There are many diseases and pests that can affect our crops, which also includes tomato plants. One of the most common pathologies in these fruits is one caused by fungi, known as anthracnose. To learn more about tomato anthracnose, we will discuss its symptoms and how to treat it.
If you are growing tomatoes and want to prevent them from being affected by the anthracnose fungus, I recommend that you keep reading. We will explain what this disease is, what its symptoms are, how to treat it and most importantly: How to prevent anthracnose in tomato. So take note to prevent your crops from being affected or even detect if they are already infected by this fungus.
What causes anthracnose?
Before explaining the symptoms and treatment of anthracnose in tomato, we are going to comment on what this disease is. The agent responsible for this phytopathology is a fungus called Colletotrichum gloeosporioidesbut it can also be caused by other species belonging to the genus Colletotrichum, Gloesporium y Coniothyrium Coming from the Greek, the word “anthracnose” translates as “coal” and is a limiting disease for various fruits, such as tomatoes or papayas, affecting their shelf life.
This type of fungi is characterized by having spores or reproductive structures called conidiyou. They are arranged in acervuli that in turn participate in the plant infection process. When it comes to colonizing the plant, there are two phases:
- Initial or biotrophic phase: The fungus feeds on the plant, specifically its living cells. Thus, the pathogen ends up establishing itself in the plant.
- Second phase or necrotrophic phase: Due to the attack of the pathogen, the resources obtained now come from dead cells. It is in this phase that the first symptoms of anthracnose appear.
The chances of anthracnose appearing in tomato increase considerably when the plant has wounds, whether they are caused by some nutritional imbalance, by blows, by friction or by insect attacks. Another factor that favors the appearance of this fungus is the heat. Therefore, this disease usually appears in summer and even in spring. Too humidity enhances the fungus. Those climates whose humidity exceeds 90% or that have a lot of rain and wind considerably facilitate the spread of the fungus and the dissemination of its spores.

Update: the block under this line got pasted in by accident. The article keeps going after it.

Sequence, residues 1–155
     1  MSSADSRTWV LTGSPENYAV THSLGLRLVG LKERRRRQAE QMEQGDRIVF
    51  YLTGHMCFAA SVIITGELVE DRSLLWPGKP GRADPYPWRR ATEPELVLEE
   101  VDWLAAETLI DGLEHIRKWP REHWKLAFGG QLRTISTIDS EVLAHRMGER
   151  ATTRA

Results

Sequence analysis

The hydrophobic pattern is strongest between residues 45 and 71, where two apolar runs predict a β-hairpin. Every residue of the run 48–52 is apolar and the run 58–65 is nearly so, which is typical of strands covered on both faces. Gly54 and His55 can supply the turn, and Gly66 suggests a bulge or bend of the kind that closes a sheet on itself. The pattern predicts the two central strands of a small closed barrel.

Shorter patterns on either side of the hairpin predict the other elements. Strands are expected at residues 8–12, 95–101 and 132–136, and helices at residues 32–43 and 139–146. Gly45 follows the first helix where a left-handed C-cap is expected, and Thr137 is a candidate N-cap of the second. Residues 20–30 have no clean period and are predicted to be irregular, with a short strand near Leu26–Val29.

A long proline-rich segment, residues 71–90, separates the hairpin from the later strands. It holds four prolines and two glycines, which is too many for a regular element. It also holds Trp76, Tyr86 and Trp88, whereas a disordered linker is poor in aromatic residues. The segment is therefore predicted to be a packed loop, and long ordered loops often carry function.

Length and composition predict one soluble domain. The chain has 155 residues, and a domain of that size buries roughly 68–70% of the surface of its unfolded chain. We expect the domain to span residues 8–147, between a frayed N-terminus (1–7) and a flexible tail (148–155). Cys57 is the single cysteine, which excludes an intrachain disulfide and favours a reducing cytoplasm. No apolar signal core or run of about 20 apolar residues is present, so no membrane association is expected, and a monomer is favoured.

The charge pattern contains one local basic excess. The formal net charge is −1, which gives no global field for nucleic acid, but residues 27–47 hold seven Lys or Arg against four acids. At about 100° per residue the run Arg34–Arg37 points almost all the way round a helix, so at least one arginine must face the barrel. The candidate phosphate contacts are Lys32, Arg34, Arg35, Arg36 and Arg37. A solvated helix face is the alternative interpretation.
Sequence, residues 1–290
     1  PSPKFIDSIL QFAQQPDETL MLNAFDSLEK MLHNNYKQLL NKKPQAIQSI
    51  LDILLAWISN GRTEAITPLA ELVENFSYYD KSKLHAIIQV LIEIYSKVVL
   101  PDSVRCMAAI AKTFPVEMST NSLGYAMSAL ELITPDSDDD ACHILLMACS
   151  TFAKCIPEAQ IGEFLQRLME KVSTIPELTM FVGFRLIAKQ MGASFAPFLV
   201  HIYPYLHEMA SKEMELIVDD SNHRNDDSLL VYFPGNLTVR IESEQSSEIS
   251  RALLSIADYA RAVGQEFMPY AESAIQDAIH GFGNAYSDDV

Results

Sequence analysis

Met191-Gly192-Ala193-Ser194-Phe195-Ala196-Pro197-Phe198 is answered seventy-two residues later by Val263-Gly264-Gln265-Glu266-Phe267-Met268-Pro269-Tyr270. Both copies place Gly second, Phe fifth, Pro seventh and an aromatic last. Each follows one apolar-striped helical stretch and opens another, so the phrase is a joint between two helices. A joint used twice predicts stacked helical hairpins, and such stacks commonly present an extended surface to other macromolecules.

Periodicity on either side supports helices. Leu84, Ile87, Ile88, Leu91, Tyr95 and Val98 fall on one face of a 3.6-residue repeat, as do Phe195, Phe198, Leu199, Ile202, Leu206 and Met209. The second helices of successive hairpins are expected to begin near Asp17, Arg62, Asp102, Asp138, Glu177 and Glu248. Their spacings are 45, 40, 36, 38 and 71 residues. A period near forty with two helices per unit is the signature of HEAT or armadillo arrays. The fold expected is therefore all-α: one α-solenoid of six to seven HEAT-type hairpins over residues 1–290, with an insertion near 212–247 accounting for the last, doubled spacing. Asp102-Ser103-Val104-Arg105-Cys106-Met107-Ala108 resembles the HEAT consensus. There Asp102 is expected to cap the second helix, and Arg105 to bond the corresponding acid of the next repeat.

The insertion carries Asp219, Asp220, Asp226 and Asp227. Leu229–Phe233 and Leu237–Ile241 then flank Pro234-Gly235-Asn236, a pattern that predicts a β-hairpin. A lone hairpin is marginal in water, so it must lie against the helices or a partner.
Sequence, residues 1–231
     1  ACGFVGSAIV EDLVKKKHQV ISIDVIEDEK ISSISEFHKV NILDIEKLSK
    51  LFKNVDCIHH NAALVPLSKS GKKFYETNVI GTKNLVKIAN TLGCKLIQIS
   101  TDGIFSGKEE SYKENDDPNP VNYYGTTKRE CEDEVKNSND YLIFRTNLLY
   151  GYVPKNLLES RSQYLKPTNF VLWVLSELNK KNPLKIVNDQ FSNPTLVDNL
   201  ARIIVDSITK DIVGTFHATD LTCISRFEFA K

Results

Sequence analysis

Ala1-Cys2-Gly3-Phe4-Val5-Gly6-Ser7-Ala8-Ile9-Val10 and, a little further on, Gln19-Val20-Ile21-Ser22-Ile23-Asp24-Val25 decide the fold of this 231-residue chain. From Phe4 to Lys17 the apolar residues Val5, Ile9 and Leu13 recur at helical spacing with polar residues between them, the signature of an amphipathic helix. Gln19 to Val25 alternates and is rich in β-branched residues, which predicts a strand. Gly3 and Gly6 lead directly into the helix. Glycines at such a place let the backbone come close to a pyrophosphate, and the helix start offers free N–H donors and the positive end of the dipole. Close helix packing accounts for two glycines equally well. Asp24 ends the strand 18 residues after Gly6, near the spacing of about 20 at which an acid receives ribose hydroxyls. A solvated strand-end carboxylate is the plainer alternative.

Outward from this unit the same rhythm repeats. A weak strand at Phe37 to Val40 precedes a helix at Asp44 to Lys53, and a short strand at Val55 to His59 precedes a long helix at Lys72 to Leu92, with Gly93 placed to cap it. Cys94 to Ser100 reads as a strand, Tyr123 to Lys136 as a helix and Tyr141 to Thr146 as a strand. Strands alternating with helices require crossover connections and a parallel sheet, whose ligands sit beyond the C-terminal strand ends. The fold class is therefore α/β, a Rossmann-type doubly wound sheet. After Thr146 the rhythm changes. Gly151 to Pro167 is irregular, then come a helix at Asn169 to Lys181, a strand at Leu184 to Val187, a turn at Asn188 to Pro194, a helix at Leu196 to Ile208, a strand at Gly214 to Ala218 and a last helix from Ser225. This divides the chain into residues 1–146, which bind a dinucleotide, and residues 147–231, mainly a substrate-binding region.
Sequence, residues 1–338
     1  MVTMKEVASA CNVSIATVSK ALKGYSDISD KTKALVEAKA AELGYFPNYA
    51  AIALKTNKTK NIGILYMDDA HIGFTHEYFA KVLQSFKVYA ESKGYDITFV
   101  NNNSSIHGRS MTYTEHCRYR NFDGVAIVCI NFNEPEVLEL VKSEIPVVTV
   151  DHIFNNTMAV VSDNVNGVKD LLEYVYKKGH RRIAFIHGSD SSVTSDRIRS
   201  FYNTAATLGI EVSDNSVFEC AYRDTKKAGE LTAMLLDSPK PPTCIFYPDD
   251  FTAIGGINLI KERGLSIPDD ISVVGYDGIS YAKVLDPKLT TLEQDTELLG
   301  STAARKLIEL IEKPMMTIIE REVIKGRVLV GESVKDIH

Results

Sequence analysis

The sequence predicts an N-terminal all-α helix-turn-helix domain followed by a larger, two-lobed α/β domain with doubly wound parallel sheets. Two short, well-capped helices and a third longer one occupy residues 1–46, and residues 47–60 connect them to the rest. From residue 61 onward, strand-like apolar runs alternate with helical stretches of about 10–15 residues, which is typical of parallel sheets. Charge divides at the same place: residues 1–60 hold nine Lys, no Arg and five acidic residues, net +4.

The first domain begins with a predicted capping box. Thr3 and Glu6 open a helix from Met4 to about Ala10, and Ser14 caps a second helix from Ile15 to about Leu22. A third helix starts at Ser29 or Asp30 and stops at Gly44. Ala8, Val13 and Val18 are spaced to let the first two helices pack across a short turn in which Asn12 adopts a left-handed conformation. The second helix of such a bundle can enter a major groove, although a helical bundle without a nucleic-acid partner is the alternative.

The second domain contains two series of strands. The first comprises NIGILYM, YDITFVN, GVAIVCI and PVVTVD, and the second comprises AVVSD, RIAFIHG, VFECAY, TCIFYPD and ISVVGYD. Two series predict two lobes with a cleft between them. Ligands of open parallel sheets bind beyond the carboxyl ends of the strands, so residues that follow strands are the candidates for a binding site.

Symptoms of anthracnose in tomato
To detect anthracnose in tomato, we must pay attention to the plant and be attentive to the appearance of the symptoms of this disease. Among them stands out the appearance of brown spots on the leaves, specifically around the nerves. When it is still in its initial state, first they are small, circular spots. Over time they darken until they cause the death of the tissue, which is known as necrosis.
We can also observe symptoms in the fruits of the vegetable, especially in those that are in the process of maturation. In this case sags and dark lesions appear on the surface of the tomato. As a consequence, the whole fruit ends up rotting prematurely.
How is anthracnose controlled?
If we have detected symptoms of anthracnose in tomato, we must treat the entire crop with post-harvest fungicides. In addition, it is very important to remove all affected parts, whether they are leaves, stems or fruits. It is very important to remove all crop debris affected by the fungus, as they are a means of propagation of the fungus. The mycelia of the pathogenic agent can continue to be active after two years or even more.
Although there is a treatment for anthracnose in tomato, it’s better to prevent than to cure. For this reason, we are going to give you some advice to prevent your plants from being affected by this fungus:
- Before planting the vegetable, first disinfect the soil.
- Prevent the soil from flooding when watering.
- Improve soil drainage.
- If we are in an area with a climate and environment that favors the appearance of anthracnose, space the plantation frames.
- Remove wild weeds.
- Avoid increasing the density of the pathogen in the soil.
- Avoid monoculture.
- Do not wet the parts of the plant that are in the air, such as stems, leaves and flowers.
- Always clean pruning tools, both before and after using them. For this we can use a few drops of dishwasher or pharmacy alcohol.
- When watering, avoid doing it from above so that the water does not splash the upper part of the plant.
- Prevent healthy tomatoes from coming into contact with the soil.
- Use postharvest fungicide treatments, just in case.
As you can see, tomato anthracnose is a fairly serious disease for the crop, but with a simple solution. Nevertheless, It is best to take all possible measures to prevent that this fungus, or any other, could end up infecting our crops.